This piece on “Imitating people’s speech patterns precisely could bring trouble” in the Economist caught my eye. It mentions a new technology that means
any voice—including that of a stranger—can be cloned if decent recordings are available on YouTube or elsewhere
To emphasise the problems this creates, it goes on to mention that
When tested against voice-biometrics software like that used by many banks to block unauthorised access to accounts, more than 80% of the fake voices tricked the computer.
Not exactly welcome news for those organisations that assume voice recognition can be used to identify users. Back to the drawing board time. Again.
This development is not surprising. It was, in fact, entirely predictable. I anticipated this happening some 11 years ago (see below). It’s part of the well understood, and inevitable, process of commodification and diffusion that I wrote about in King Canute, diffusion and the Investigatory Powers Bill.
My concern is not that a development such as this has happened – but that little seems to have been done to prepare for it and to mitigate its impacts. It was only a matter of time before a disruptive technology such as this entered the mainstream.
Yet there seems to be a general failure across both private and public sectors to anticipate and prepare for such inevitable developments. If we’re going to better protect and secure the future of our increasingly technologically-dependent society, we also need to ensure there is much better analysis and understanding of the impact of technological innovation, including processes such as diffusion.
This need to anticipate and prepare for change is becoming particularly acute in an age where we all leave pervasive digital footprints – including potentially sensitive personal data, both biographical and biometric – in our wake, for others to mine and potentially abuse. Governments in particular need to become far better at understanding, anticipating and mitigating these inevitable processes.
This latest voice synthesis technology may not itself be the end of biometrics as part of the process of identifying users, but it is potentially the beginning of the end of the naive trust placed in biometrics as some flawless, wonderful panacea.
As I say, none of this is anything new. The Economist’s article reminded me of a blog post I wrote back in August 2006. As my old blog engine is no longer available, I’m reproducing that 2006 post below. Nearly 11 years on, it still seems to raise valid concerns.
biometrics: enabling guilty men to go free? Further adventures from the law of unintended consequences
[Originally published August, 2006]
Dateline: the near future
Setting: the Old Bailey. A tense, invitation-only event. A spectacle of the kind that London has made its own since long before the days of Newgate Prison and the macabre carnivals of the public hangings at Tyburn Tree.
Outside, armed policemen, guard dogs and riot barriers prevent the curious crowds pushing too close. On the office rooftops – police marksmen. In the Victorian drains below the courtroom – boiler-suited bomb teams, knee deep in London’s toxic wastes.
This is a trial that must not, cannot go wrong. The media has been in a full-on, Fleet Street frenzy for months. Driven by political rhetoric, media pressure and public concern, the police and intelligence services have been running faster than they have ever run, worked harder than they have ever been worked. Dawn raids, arrests, releases. High hopes, false hopes. Trails hot and trails turned cold.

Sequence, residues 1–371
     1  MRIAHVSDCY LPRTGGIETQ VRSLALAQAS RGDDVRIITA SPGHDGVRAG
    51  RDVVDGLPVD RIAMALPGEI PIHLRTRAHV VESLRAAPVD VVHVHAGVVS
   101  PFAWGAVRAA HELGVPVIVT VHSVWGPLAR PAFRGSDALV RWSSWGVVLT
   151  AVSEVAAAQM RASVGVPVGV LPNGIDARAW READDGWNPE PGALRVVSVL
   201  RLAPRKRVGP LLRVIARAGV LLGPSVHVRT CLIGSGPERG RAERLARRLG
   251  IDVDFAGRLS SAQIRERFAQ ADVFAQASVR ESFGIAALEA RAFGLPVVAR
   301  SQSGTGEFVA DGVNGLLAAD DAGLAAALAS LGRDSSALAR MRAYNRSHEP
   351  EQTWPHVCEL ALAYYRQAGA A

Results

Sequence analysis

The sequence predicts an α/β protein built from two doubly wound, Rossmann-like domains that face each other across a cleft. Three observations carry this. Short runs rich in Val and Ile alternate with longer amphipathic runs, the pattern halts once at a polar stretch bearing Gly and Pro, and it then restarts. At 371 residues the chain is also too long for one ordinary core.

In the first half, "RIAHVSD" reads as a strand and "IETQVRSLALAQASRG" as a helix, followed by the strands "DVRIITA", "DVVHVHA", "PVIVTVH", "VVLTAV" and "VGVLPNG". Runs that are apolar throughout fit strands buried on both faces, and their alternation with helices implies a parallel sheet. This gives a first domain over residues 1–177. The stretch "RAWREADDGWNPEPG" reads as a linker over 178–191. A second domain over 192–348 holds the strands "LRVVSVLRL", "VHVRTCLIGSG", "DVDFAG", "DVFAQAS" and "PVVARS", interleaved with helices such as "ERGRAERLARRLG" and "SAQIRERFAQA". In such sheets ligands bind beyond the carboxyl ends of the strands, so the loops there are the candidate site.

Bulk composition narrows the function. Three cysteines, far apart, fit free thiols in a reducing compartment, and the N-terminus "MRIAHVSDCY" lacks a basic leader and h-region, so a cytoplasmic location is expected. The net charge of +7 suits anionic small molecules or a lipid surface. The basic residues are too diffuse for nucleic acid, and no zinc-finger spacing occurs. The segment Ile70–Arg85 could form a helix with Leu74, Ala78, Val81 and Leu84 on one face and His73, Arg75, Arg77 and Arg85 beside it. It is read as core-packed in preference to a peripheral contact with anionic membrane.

And now – victory. The alleged perpetrators of the terrorist bombing caught. Remanded behind bars. Charged. The prosecution case a year in the making. Finally, today is their day in court. The evidence is compelling. Justice will be done.
The court room quietens. The judge enters, takes his seat. A quiet, insignificant-looking man. But his record tells another story. He is sharp, shrewd. Prosecutors and defending counsel alike respect him.
And so the case begins
The prosecution case is damning. It silences the court.
Item 1: transcripts and computer disk recordings of phone calls made by the defendants. Backed up by expert forensic voiceprint analysis. The calls and their transcripts damn the defendants out of their own mouths. Chilling, deadly, inhuman, hateful spite. Clear evidence these bombing attacks were ruthless in both planning and execution.
Item 2: fingerprints found in the bombers’ flat. Fingerprints on detonators and fuses. Matched by both computer and expert human analysis.
Item 3: CCTV footage showing the bombers’ movements. Time and day recorded. The collection of the components. Their assembly at the bomb scenes. Painful, but compelling to watch.
Item 4: DNA recovered from the bomb site. DNA that matches beyond any doubt two of those who now stand accused in the dock.
The prosecution’s case is damning. Brilliantly assembled and executed. It appears yes, invincible. After weeks of evidence, the prosecution team sit down, convinced their job is done.
But wait: what has the defence team to say? It seems a mere formality. The media have written the headlines, news stories and analyses already. The defence is a mere inconvenience, a routine formality to be endured, little more than a legal hesitation before a verdict already known can be delivered.
Yet what is this? The defence counsel start to ask strange questions, start to probe and find holes in the prosecution case, holes that only moments before seemed not only unlikely, but impossible.
One by one the pieces of forensic evidence are questioned and – impossible thought – undermined.
Item 1: the computer-captured and analysed voiceprints of the defendants. Doubts quickly turn from ill-formed ghosts into hard, awkward facts. They turn out not to be such a damning indictment after all. The defence team rapidly establish that copies of the defendants’ voiceprints are held on computer systems in over twenty different call centres, from banks to budget airlines and catalogue shopping companies. And are held not only in the UK, on UK-based computer systems, but scattered around the world. Each automated call centre operates under a different legal jurisdiction. Many of their data security procedures are evidently questionable at best laughable at worst.